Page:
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The state of Linux gaming

The state of Linux gaming

Posted Oct 9, 2010 22:20 UTC (Sat) by nix (subscriber, #2304)
In reply to: The state of Linux gaming by michaeljt
Parent article: The state of Linux gaming

Procedural generation helps here. A good few long-lived free software games (notably Nethack and Oolite) have mostly or entirely procedurally-generated content, and lots of flexibility. That way, merely knowing what can happen isn't going to spoil the gameplay, because you never know when the game will choose to hit you with what, or in what combinations.


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The state of Linux gaming

Posted Oct 12, 2010 14:58 UTC (Tue) by michaeljt (subscriber, #39183) [Link]

> Procedural generation helps here. A good few long-lived free software games (notably Nethack and Oolite) have mostly or entirely procedurally-generated content, and lots of flexibility. That way, merely knowing what can happen isn't going to spoil the gameplay, because you never know when the game will choose to hit you with what, or in what combinations.
Do you think that could also be applied to e.g. arcade or platform style games? It seems to me that it is only suitable for certain categories, but perhaps that is just my lack of imagination.

The state of Linux gaming

Posted Oct 17, 2010 21:39 UTC (Sun) by nix (subscriber, #2304) [Link]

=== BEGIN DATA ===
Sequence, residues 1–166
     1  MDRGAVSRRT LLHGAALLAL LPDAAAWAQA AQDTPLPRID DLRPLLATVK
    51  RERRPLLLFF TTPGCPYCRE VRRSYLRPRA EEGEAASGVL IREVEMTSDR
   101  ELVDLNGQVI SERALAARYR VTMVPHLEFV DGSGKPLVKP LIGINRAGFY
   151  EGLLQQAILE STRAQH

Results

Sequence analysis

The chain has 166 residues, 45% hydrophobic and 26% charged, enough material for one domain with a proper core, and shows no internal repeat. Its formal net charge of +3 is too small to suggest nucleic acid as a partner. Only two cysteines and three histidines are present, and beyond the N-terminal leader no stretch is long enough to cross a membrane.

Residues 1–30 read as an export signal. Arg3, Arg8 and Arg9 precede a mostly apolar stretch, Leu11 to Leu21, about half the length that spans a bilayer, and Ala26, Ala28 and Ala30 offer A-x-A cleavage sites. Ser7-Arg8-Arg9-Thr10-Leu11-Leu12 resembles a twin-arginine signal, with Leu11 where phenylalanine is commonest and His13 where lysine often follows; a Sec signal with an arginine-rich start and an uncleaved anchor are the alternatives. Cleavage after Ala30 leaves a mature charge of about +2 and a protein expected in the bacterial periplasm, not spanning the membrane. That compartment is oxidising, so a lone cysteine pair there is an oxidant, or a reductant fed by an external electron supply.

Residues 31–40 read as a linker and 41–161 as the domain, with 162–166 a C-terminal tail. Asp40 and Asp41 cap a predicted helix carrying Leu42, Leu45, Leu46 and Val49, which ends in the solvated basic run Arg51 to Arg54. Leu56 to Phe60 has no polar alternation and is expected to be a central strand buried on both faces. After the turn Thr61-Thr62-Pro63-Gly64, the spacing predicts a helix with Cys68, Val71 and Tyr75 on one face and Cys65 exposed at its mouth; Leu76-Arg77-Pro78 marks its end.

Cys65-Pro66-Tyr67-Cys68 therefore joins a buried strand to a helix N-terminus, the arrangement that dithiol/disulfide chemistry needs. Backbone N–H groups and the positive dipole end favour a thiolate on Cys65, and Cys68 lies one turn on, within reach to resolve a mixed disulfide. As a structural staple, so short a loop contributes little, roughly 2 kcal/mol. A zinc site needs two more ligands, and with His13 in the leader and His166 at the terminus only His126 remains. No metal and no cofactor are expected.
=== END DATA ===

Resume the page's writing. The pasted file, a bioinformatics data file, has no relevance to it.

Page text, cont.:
You can certainly apply it to platform games: nethack is pretty much just a platform game turned on its side. A lot of arcade games have always been procedurally generated (the real exception here is R-Type, in which the aliens always arrived in the same order and position every time). The only domain I think you'd have no chance in is adventure games (which unfortunately seem to be a mostly dead category nowadays).

The state of Linux gaming

Posted Oct 22, 2010 16:55 UTC (Fri) by dark (guest, #8483) [Link]

Even in adventure games there is potential. I've played gearhead for a while (the console version), and it includes a "playwright" module which takes preprogrammed snippets of plot and weaves them into a storyline at the start of every game. It's still primitive (the patterns become predictable after 5-6 games) but I think the idea can go far.


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